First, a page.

The Journal Gazette
 
 
Friday, September 18, 2020 1:00 am

Justice Department urges protest cases

Charge of sedition even possible, memo says

Associated Press

WASHINGTON – In a memo to U.S. attorneys Thursday obtained by the Associated Press, the Justice Department emphasized that federal prosecutors should aggressively go after demonstrators who cause violence – and even sedition charges could potentially apply.

The sedition statute doesn't require proof of a plot to overthrow the government, the memo read. It instead could be used when a defendant tries to oppose the government's authority by force.

Attorney General William Barr has been pushing his U.S. attorneys to bring federal charges in protest-related violence whenever they can, keeping a grip on cases even if a defendant could be tried instead in state court. Federal convictions often result in longer prison sentences; sedition alone could lead to up to 20 years behind bars.

The memo cited as a hypothetical example a case in which “a group has conspired to take a federal courthouse or other federal property by force,” but that actually occurred in Portland, Oregon, during clashes that erupted night after night between law enforcement and demonstrators.

Justice officials also explored whether it could pursue either criminal or civil rights charges against city officials there, spokeswoman Kerri Kupec told the AP.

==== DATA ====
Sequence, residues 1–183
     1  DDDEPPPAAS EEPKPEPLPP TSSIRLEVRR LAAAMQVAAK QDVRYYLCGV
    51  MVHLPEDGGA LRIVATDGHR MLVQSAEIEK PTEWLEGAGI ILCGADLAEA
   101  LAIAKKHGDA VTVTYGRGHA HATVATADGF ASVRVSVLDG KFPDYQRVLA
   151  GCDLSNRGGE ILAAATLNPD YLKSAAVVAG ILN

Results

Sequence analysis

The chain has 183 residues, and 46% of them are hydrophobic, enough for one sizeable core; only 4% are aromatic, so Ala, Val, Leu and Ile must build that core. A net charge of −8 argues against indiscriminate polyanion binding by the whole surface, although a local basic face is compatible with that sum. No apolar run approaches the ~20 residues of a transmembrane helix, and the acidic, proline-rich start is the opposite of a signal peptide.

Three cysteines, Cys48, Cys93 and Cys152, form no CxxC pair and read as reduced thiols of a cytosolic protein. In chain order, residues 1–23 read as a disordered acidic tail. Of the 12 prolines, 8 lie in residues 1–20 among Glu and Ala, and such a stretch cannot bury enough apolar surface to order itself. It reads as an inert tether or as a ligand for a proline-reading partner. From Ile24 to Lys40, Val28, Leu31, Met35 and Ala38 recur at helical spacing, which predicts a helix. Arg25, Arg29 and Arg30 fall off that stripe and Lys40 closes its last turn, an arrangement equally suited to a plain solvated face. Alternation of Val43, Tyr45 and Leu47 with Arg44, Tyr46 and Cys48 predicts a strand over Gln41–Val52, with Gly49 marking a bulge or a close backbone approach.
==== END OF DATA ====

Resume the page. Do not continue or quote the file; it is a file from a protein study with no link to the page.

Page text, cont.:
The Trump administration's crackdown on protest violence has already led to more than 300 arrests on federal crimes in the protests since the death of George Floyd.

An AP analysis of the data shows that while many people are accused of violent crimes such as arson for hurling Molotov cocktails and burning police cars and assault for injuring law enforcement, others are not. That's led to criticism that at least some arrests are a politically motivated effort to stymie demonstrations.

“The speed at which this whole thing was moved from state court to federal court is stunning and unbelievable,” said Charles Sunwabe, who represents an Erie, Pennsylvania, man accused of lighting a fire at a coffee shop after a May 30 protest. “It's an attempt to intimidate these demonstrators and to silence them.”

Some cases should not be in federal court, lawyers say, including a teenager accused of civil disorder for claiming online that “we are not each other's enemy, only enemy is 12,” a reference to law enforcement.

Though most protests have been peaceful, violence has erupted in Rochester, New York; Minneapolis, Washington, D.C., and Chicago. Federal officials were called to Kenosha, Wisconsin, after large protests and unrest following the shooting of Jacob Blake and the gunning down of two protesters and later arrest of a 17-year-old in their deaths.

Notably, that teenager has not been charged with any federal crimes. Neither was a man accused of shooting and killing a demonstrator in Louisville following the death of Breonna Taylor.

While many local prosecutors have dismissed dozens of low-level protest arrests, some are still coming down hard. A Pennsylvania judge set bail at $1 million for about a dozen people in a protest that followed the death of a knife-wielding man by police.


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